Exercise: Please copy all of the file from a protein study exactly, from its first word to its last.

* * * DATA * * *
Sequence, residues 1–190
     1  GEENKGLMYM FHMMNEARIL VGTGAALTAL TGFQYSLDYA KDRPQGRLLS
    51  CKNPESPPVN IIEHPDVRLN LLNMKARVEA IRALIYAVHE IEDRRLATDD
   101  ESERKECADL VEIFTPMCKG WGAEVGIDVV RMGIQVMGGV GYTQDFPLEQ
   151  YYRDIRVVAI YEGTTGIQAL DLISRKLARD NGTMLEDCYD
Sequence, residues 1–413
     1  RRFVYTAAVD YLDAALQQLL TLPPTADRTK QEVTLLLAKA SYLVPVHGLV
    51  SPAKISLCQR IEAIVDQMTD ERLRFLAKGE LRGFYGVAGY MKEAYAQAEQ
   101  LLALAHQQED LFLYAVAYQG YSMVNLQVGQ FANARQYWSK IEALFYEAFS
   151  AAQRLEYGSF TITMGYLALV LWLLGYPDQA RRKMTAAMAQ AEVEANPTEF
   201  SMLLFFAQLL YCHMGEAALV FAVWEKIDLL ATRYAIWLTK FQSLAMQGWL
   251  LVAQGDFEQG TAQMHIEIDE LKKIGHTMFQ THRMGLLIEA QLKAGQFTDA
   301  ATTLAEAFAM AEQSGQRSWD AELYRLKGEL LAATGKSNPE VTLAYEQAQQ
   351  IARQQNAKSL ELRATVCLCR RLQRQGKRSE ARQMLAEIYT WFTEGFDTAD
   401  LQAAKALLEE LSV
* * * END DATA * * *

Sequence, residues 1–190
     1  GEENKGLMYM FHMMNEARIL VGTGAALTAL TGFQYSLDYA KDRPQGRLLS
    51  CKNPESPPVN IIEHPDVRLN LLNMKARVEA IRALIYAVHE IEDRRLATDD
   101  ESERKECADL VEIFTPMCKG WGAEVGIDVV RMGIQVMGGV GYTQDFPLEQ
   151  YYRDIRVVAI YEGTTGIQAL DLISRKLARD NGTMLEDCYD
Sequence, residues 1–413
     1  RRFVYTAAVD YLDAALQQLL TLPPTADRTK QEVTLLLAKA SYLVPVHGLV
    51  SPAKISLCQR IEAIVDQMTD ERLRFLAKGE LRGFYGVAGY MKEAYAQAEQ
   101  LLALAHQQED LFLYAVAYQG YSMVNLQVGQ FANARQYWSK IEALFYEAFS
   151  AAQRLEYGSF TITMGYLALV LWLLGYPDQA RRKMTAAMAQ AEVEANPTEF
   201  SMLLFFAQLL YCHMGEAALV FAVWEKIDLL ATRYAIWLTK FQSLAMQGWL
   251  LVAQGDFEQG TAQMHIEIDE LKKIGHTMFQ THRMGLLIEA QLKAGQFTDA
   301  ATTLAEAFAM AEQSGQRSWD AELYRLKGEL LAATGKSNPE VTLAYEQAQQ
   351  IARQQNAKSL ELRATVCLCR RLQRQGKRSE ARQMLAEIYT WFTEGFDTAD
   401  LQAAKALLEE LSV